I especially loved going up Arthur’s Seat, an extinct volcano in the middle of the city. The views from the top are amazing!

In the afternoons, we would rehearse for an hour or so, do our hair and makeup, and go for dinner at the cafeteria. After dinner, we’d meet up with the team and the rest of the cast to take the bus to the castle. 

We would get to the castle about 2 hours early, so we would usually have some time to kill in our dressing room trailers which we called “pods”. In the pods, we would chat, play cards, (sometimes nap), and warm up once it got close to show time. 

Then it was time to perform!

A Unique Performance Experience

The audience had nearly 9000 people in it during each performance, so it was exciting to dance for such a large crowd each night. 

I thought I would be intimidated by the size of the crowd, but for the first week, I barely noticed them. 

The crowd was always very engaging, but I was so focused on the dancing that I’d often forget about the audience. Performing required a lot of focus because it was a lot of intricate choreography. 

We needed to maintain a high standard – this meant being precise with lines, timing, and footwork. 

2022 Tattoo Dancers via Joe Gillhooley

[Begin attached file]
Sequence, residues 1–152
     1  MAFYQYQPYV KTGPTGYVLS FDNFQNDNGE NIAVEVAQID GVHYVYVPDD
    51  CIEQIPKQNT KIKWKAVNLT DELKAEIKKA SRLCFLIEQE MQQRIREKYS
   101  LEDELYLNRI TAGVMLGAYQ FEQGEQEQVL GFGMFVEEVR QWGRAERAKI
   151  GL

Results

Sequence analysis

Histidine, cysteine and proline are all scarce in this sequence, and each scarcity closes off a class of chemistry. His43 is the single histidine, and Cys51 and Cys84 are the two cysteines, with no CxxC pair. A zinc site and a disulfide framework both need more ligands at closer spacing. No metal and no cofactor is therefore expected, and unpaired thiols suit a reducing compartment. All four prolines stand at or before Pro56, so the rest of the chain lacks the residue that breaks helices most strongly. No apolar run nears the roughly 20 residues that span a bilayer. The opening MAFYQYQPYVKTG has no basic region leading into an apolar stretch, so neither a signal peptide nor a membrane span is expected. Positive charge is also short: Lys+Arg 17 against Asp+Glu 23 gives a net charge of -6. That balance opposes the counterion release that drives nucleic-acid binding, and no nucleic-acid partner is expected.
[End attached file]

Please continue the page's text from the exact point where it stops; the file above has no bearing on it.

Performing took a lot of focus, but every now and then, I’d catch a glimpse of the castle, or I’d recognize the smiles in the crowd.  This made me appreciate just how special it is to dance in the Tattoo.

Scout McKee (L) and Nicole Theim (R)

Looking Back

I am beyond grateful for my experiences at the Royal Edinburgh Military Tattoo. I made tons great memories and met so many wonderful people. 

One piece of advice I would give to anyone dancing in their first tattoo is to take advantage of the social opportunities. In other words, don’t forget to have fun!

 It can be easy to get caught up in the long rehearsal days or in worrying about the show, but it is so important to have fun with the rest of the cast and to enjoy your time with the dance company. 

The experience of dancing in such a large production is special in so many ways. 

The Edinburgh Tattoo was a bucket-list item for my dancing career, and it lived up to every expectation I had.

Story edited by Kate Francoeur